When more XCRI feeds are added to the aggregator, the quality and quantity of data available through the aggregator’s API will obviously increase, meaning that such a search engine would become more useful. In its current state, the website acts as a good prototype for search functionality, and also demonstrates the potential for ‘mashing up’ XCRI data with numerous other datasets.

The code (such as it is) for the website is available on Github.

APMS Rollover (and an update)


In the current ‘manual’ portfolio of definitive programme and module information, a programme specification exists in its approved state until it is either changed or archived. (It can also be revalidated if not changed for some time, to make sure it is still up to date and valid). A programme can, in theory, go a number of years without change.

Things need to work a little differently in the APMS for two main reasons:

  1. Versions of a programme need to be carefully managed when proposing changes to that programme to be delivered in future academic years.
  2. Agresso Students (the University’s student management system) needs both ‘static’ (unchanging across academic years, delivery modes and sessions) and ‘sessional’ (unique per academic year, delivery mode and session combination) versions of a programme. These need to be output from APMS and imported into Agresso Students.

As a result, there will be a need to roll-over programmes, including their modules and all associated modules, from one academic year to another. Taking a new 3-year undergraduate programme starting in 2012/13 as a phased introduction as an example, for the cohort enrolling in 2012/13 level 1 will be delivered in 2012/13, level 2 will be delivered in 2013/14 and level 3 will be delivered in 2014/15. When that programme is rolled-over to the next academic year (2013/14), for the cohort enrolling in 2013/14 level 1 will be delivered in 2013/14, level 2 will be delivered in 2014/15 and level 3 will be delivered in 2015/16.

In a normal modification or revalidation situation for the example programme, the modification will be made to a future academic year version of that programme once it has been rolled-over in APMS. So for example, in December 2012 the delivery team may decide to swap one of the level 1 modules for the 2013/14 cohort. The programme would be rolled-over and the modifications then made to the 2013/14 version of the level 1 module(s) and programme.

This all sounds much more complicated when trying to explain it in writing than it will be in operation! And of course a Quality Officer from the Office of Quality, Standards and Partnerships will be available to guide people through the process and offer advice.


Between the project team, the Communications Development & Marketing Department (which I’ll call the Marketing Department for short) and Worktribe, we have now worked out how marketing information about programmes will be stored in the system, maintained and made available to be published on the Univerity’s website. There will be a tab on a programme record in APMS for marketing information. The academic proposing the programme will be able to enter the marketing copy and information, which is split into quite a number of fields to allow it to be presented appropriately on the website, into a marketing record on that tab and start a workflow that sends it to the Marketing Department. The Marketing Department will be able to review and suggest amendments as appropriate, and also add certain information that the proposer will not know. At the end of the workflow the marketing information is approved and will then be output, in XML files, to a shared location. The website content management system (CMS) will pick up these XML files and use the content within the programme pages on the website. There is some manual work I haven’t gone into detail about, such as APMS notifying the web team in the Marketing Department that a new programme has been created because they need to manually create the basic page on the CMS. We’ve seen the first iteration of this from Worktribe and work to get it finished is going well.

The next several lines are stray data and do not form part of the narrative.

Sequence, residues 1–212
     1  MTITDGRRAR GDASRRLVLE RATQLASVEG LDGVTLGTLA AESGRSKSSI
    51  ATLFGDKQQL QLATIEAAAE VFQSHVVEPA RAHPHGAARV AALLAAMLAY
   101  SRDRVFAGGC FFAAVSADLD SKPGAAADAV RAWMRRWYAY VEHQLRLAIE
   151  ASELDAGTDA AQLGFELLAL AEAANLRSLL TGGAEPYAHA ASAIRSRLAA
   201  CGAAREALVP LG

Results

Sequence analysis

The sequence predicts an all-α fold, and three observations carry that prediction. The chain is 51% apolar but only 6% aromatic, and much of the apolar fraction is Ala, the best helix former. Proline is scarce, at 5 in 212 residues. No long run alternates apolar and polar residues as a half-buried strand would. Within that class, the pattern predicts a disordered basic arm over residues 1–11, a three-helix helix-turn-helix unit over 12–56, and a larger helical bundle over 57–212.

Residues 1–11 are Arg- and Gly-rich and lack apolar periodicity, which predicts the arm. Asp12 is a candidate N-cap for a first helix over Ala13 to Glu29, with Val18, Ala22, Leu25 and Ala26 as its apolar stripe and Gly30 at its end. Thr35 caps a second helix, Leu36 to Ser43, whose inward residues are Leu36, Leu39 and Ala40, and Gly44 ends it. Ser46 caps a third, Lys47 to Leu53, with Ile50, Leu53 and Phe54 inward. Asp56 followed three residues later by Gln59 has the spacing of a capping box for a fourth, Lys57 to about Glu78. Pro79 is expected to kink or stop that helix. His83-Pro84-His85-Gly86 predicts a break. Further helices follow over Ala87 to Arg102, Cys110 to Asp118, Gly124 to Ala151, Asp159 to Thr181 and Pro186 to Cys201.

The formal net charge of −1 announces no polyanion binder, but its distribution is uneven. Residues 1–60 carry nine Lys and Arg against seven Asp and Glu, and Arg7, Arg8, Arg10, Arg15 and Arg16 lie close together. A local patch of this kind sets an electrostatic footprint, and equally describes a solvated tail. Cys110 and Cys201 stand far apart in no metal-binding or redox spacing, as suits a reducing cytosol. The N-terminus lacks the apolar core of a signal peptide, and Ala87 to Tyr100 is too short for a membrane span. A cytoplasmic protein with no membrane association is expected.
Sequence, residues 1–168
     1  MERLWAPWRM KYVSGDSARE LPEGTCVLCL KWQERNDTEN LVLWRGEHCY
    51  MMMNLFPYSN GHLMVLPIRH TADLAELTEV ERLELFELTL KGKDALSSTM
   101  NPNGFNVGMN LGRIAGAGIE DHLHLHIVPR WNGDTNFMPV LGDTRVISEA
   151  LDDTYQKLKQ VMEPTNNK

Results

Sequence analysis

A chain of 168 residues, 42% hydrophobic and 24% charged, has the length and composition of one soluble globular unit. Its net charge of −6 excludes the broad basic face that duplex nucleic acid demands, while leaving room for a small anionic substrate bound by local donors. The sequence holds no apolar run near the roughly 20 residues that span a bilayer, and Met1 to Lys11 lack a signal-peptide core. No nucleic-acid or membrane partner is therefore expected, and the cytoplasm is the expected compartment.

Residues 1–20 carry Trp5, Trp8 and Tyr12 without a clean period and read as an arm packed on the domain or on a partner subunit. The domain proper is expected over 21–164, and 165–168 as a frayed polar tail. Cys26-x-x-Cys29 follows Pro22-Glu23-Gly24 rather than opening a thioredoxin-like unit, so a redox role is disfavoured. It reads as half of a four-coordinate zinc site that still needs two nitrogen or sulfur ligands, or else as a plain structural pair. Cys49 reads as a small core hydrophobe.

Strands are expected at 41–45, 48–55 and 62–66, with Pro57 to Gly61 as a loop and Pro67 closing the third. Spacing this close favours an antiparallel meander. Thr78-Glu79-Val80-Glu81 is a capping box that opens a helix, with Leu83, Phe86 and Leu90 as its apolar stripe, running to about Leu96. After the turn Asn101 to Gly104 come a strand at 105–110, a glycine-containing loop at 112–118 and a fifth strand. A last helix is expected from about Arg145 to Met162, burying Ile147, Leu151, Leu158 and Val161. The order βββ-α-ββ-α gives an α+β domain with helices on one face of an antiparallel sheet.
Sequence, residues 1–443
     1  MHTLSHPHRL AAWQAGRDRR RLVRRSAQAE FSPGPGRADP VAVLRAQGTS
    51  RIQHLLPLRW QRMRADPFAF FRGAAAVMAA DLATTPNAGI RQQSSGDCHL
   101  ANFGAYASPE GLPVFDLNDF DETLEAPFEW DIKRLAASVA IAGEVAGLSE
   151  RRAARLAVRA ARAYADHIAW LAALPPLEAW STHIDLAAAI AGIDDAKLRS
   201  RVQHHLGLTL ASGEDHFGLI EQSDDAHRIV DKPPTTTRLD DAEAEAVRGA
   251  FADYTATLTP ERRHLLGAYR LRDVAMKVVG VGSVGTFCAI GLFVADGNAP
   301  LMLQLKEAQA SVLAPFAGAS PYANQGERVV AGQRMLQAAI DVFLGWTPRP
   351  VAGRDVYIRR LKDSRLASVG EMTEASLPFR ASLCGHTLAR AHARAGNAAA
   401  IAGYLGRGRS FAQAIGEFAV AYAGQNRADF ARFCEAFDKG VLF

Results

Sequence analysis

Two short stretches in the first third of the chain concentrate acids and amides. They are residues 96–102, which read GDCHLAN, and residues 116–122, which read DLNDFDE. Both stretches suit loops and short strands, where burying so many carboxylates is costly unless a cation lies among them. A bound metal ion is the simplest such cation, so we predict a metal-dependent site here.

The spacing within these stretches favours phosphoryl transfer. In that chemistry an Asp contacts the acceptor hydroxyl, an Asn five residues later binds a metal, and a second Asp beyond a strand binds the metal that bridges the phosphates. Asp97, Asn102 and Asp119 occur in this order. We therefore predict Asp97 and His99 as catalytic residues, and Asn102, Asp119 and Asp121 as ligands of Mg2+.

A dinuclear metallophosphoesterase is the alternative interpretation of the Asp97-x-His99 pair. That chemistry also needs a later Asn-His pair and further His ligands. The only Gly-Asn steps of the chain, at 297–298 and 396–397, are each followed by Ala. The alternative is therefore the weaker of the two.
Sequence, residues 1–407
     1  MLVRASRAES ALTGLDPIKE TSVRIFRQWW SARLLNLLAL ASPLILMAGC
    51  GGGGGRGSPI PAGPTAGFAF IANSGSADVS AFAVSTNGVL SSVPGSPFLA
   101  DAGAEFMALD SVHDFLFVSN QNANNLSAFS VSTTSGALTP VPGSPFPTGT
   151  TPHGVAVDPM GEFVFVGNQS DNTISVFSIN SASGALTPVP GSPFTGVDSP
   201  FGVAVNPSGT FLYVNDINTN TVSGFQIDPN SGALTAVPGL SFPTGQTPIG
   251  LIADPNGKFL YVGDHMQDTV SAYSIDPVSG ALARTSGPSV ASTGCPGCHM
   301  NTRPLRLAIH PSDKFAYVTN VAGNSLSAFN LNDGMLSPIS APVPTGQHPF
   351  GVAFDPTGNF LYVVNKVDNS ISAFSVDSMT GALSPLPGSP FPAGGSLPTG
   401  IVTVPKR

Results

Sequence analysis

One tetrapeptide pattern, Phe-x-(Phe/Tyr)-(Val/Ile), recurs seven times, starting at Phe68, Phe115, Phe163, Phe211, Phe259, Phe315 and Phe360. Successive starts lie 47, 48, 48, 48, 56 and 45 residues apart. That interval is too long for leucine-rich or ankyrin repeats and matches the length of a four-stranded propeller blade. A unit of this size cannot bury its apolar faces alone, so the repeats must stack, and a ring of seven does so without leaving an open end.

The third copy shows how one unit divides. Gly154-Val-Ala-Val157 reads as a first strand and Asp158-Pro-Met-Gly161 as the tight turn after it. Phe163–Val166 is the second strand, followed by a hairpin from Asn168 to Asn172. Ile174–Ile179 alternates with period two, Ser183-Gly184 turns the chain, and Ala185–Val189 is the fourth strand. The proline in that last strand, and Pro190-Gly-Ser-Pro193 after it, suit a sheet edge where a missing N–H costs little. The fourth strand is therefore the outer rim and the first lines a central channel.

Workflows to handle programme modifications and revalidations have been developed, and after some final adjustment will be complete. For those that might not know, and at a very basic level, a programme modification allows some changes to a programme and its modules, but for more extensive changes a revalidation is needed. A revalidation basically sends a programme through the same (or at least very similar) process to that when it was originally validated as a new programme. The workflows do not change the fundamental regulations about changing programmes, which will be familiar to programme leaders, but help to improve information flow, progress tracking and make things simpler.

Worktribe has also made the first iteration of the tools to delete/archive programmes that are no longer running, which we have tried out. Again, the fundamental principals do not change but we of course need a way of doing it in APMS. The basic outline is in place, and after some updates by Worktribe should be done.

The APMS project board asked for External Examiner reports to be included in the system. These reports are currently submitted by using a form on the University’s portal site, but the board felt that since they are integral to programme management they should be incorporated into APMS. The team tested the first version of this functionality today, and it’s looking good. We came up with a few suggestions for the next iteration, and there are some field changes and template design to come, but it should be a good way of getting reports from external examiners. The inclusion of external examiners in the system also means they can approve programme modifications electronically using APMS – another benefit.

Finally, Worktribe has been busy programming for the system integration elements. We now have functionality to get outputs from APMS of curriculum information that can be imported into Agresso Students to avoid having to re-key information and set up programmes and modules where it can be avoided. We also have the facility to (currently manually, but this will change) get an XCRI-CAP file out of APMS which will eventually form a new XCRI-CAP feed on our University website. After some final tweaks and development work, this will be complete.

As you can tell from all of the above, this is a particularly busy and hectic time, but it’s very positive seeing the substantial progress being made.